Today’s motorists are used to using modern technology in their vehicles every day. Whether it’s listening to the radio, feeling the benefits of heated seats or using sat-nav to get you to almost anywhere in the world, we have a wealth of gadgets at our disposal to make the driving experience as easy and as comfortable as possible. In the not-too-distant past, however, our vehicles were much simpler. We’ve teamed up with Grange, retailers of used Aston Martin, to take a look at how some of our favourite automotive technologies originated…
- The invention of Bluetooth
Bluetooth is an invention used by people all over the world – and not just in our vehicles. Whether it’s to play music on our smartphones or make a hands-free call, Bluetooth has made life easier for million. But how was Bluetooth introduced to our vehicles? The name Bluetooth was only officially adopted in 1998 and the first handset using the technology was only shipped in 2000 — it would be another year before Bluetooth hands-free car kits started to hit the market too.
The concept of Bluetooth came about in 1993. Jaap Haartsen was employed as a wireless communications engineer for the Swedish digital communications company Ericsson. While in this job, Haartsen received the task to create a short-range radio connection that could enable new functionalities for mobile phones.
It wasn’t until 1995, when Sven Mattisson (a wireless communications expert) teamed up with Haartsen, that the two created multi-communicator links. Haartsen wasn’t finished yet though, with his work becoming more focused on piconet networks — a single piconet being the linking of two Bluetooth-enabled devices in order to establish an ad-hoc, short-range wireless network.
The two worked together for a number of years, forming the Bluetooth Special Interest Group in 1998. Over the next two years, this played a part in standardizing the Bluetooth radio communications protocol.
Have you ever wondered where Bluetooth got its name? Well, MC Link just didn’t seem to have a ring to it. Therefore, Jim Kardach, the head of technological development at Intel, proposed the moniker that we all know the technology by today in reference to the Danish king, King Harald Blatand. Often referred to as Harald Bluetooth — possibly due to his penchant for snacking on blueberries — the monarch was responsible for uniting the warring factions in what is now known as Denmark, Norway and Sweden.
- The invention of Cruise Control
Surprisingly, cruise control originated in the 1940’s and was invented by someone who couldn’t drive! That’s right; inventor and automotive hall of famer Ralph Teetor was the brains behind a system where the speed of a vehicle is automatically controlled with a flick of a switch or press of a button. However, he had been blind since the age of five after a shop accident.
Despite his condition, Teetor noticed that when he was in the car with his lawyer, the vehicle would speed up when he was listening and slow down when he was talking. Teetor found this inconsistency annoying, to the point that he started to look into whether a device could be developed which could control the speed of a car automatically.
Although the idea originated in the 1940’s, the concept took a lot longer to finalise. While the first patent for this type of technology was filed in 1948, it would take a few additional patents for improving the original gadget and close to a decade after the initial patent before cruise control technology was fitted to the 1958 models of the Chrysler Imperial, New Yorker and Windsor. Of course, from that point on the devices began to be used by so many manufacturers on their vehicles.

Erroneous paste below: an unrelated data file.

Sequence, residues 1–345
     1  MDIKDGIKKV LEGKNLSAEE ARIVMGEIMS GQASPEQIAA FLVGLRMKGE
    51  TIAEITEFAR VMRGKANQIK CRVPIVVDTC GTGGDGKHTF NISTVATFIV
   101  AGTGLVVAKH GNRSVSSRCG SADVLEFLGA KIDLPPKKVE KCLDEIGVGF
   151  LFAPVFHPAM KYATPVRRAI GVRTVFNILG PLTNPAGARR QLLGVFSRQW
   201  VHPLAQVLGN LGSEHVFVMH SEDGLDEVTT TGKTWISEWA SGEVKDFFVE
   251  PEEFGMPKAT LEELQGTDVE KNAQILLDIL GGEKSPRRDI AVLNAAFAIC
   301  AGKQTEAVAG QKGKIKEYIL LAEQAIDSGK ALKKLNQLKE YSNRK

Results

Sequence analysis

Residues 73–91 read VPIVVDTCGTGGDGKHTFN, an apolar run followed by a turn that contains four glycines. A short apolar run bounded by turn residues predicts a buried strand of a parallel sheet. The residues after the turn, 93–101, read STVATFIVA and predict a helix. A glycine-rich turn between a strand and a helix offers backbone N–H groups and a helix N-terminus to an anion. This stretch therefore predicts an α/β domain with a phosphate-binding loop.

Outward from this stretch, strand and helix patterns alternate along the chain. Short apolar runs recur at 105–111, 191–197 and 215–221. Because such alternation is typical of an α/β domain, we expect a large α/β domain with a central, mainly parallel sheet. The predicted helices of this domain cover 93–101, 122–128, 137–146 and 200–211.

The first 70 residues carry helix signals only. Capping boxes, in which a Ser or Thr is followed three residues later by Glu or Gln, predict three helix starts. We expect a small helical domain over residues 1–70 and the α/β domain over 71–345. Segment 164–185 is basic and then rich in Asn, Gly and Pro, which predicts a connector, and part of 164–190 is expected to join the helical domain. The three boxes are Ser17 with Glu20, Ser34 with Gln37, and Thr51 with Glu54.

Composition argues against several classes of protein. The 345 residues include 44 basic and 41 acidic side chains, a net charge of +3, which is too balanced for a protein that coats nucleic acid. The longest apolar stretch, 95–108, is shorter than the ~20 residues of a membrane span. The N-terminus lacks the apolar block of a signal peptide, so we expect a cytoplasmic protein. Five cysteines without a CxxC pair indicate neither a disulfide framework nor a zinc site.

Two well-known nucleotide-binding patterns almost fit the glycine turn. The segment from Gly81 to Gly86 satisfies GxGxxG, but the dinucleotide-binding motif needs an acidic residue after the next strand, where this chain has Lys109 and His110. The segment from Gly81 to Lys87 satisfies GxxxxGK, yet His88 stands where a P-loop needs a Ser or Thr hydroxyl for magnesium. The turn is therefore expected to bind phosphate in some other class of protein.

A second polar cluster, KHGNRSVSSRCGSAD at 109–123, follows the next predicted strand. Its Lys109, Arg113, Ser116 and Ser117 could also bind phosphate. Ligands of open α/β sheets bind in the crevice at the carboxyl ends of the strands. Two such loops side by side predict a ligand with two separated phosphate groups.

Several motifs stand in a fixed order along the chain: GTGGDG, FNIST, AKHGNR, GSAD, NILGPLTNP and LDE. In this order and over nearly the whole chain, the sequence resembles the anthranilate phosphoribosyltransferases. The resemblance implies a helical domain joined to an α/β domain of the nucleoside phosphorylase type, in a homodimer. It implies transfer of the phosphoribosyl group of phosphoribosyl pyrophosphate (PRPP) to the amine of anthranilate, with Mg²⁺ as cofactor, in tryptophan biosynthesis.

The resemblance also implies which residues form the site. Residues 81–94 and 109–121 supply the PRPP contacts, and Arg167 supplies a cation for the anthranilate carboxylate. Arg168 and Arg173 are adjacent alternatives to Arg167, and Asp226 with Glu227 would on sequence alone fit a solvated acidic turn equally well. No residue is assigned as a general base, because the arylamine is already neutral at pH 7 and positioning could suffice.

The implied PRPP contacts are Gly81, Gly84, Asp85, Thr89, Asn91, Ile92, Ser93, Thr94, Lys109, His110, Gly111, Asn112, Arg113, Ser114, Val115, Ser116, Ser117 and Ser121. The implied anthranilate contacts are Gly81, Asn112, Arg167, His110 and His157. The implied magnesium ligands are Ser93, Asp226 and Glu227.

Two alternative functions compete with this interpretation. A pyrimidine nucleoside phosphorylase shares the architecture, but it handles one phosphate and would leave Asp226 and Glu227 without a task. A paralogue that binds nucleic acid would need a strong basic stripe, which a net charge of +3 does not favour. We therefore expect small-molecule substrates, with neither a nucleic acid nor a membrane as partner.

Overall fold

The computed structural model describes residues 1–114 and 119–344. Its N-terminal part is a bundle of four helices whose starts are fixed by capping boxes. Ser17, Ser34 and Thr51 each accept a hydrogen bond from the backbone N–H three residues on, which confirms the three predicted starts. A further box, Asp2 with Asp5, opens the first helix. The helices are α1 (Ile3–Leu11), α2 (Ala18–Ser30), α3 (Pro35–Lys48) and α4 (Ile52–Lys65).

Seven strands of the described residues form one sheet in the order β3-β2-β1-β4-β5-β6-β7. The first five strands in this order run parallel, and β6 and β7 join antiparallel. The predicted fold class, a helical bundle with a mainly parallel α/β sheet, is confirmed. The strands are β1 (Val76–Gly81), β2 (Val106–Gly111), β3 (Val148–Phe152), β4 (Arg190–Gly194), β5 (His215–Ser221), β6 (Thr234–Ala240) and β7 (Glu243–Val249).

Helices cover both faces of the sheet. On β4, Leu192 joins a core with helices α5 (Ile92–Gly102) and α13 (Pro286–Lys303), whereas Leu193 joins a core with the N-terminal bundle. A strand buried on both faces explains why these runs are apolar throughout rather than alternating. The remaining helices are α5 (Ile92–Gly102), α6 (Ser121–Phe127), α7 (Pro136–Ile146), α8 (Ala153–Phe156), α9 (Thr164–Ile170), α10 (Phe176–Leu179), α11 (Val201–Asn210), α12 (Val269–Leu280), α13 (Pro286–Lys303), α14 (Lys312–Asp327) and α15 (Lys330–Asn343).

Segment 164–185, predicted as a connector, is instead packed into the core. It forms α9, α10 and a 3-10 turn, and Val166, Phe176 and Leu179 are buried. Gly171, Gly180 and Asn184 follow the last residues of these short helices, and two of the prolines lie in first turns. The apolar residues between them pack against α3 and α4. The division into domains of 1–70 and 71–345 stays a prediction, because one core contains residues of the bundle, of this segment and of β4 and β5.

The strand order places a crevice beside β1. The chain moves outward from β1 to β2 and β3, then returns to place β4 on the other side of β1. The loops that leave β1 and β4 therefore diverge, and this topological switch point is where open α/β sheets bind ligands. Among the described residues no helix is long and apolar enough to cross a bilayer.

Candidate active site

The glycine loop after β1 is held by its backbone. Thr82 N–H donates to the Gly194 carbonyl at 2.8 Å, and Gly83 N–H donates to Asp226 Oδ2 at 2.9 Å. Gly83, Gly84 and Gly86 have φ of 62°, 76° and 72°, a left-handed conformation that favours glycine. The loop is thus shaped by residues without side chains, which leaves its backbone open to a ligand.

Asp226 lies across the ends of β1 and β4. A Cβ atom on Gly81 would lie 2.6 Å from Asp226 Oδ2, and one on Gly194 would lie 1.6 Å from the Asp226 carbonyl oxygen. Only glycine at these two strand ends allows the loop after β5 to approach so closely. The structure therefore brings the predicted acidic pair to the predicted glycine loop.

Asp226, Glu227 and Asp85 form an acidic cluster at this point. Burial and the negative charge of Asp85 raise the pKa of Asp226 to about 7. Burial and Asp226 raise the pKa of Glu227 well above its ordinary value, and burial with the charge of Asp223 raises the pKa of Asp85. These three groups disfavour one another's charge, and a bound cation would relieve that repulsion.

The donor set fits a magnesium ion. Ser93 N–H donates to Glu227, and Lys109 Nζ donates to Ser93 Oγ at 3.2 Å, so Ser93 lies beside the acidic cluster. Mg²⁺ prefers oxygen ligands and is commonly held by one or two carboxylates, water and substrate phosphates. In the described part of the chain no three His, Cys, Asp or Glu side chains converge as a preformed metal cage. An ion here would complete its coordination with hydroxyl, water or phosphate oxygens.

- The invention of Sat-nav
Can you imagine navigating an unknown road without the help of sat-nav? Modern vehicles even come with integrated sat-nav, for example, the Volvo navigation system features in-built map technologies and even live traffic data. Today’s motorists won’t remember a time in which motorists had to memorize directions before they got behind the wheel, or at least had a collection of fold-out maps in their glovebox to analyse whenever they took a break from driving.
Sat-nav actually has origins in the military. It was the US Department of Defense which developed the first satellite-based global positioning technology on behalf of the country’s military forces. Deemed TRANSIT, it was up and running as we entered the 1960s and involved the system using the DopplerEffect to calculate the position of the receiver in relation to satellites. As satellites could follow fixed trajectories at calculable speeds, scientists were able to use this data to pinpoint positions based upon short-term variations in frequency.
In time, the technology was refined and perfected, as satellite-based global positioning technology was used by the military throughout the early 1980’s. While GPS devices were also publicly available around this time — systems which use between 24 and 32 medium Earth orbit satellites that follow six trajectories for incredibly accurate results — they weren’t of much use. This is because the military added interference to the signals so that only their own version could be used with any precision.
The beginning of the 2000’s saw this change, however, as President Clinton signed a bill that ordered the military to stop scrambling public satellite signals. The era of consumer-based sat-nav systems had begun.
It is fascinating to think about what new motoring technology is currently being developed and tested and to imagine how the driving experience could look ten or twenty years from now!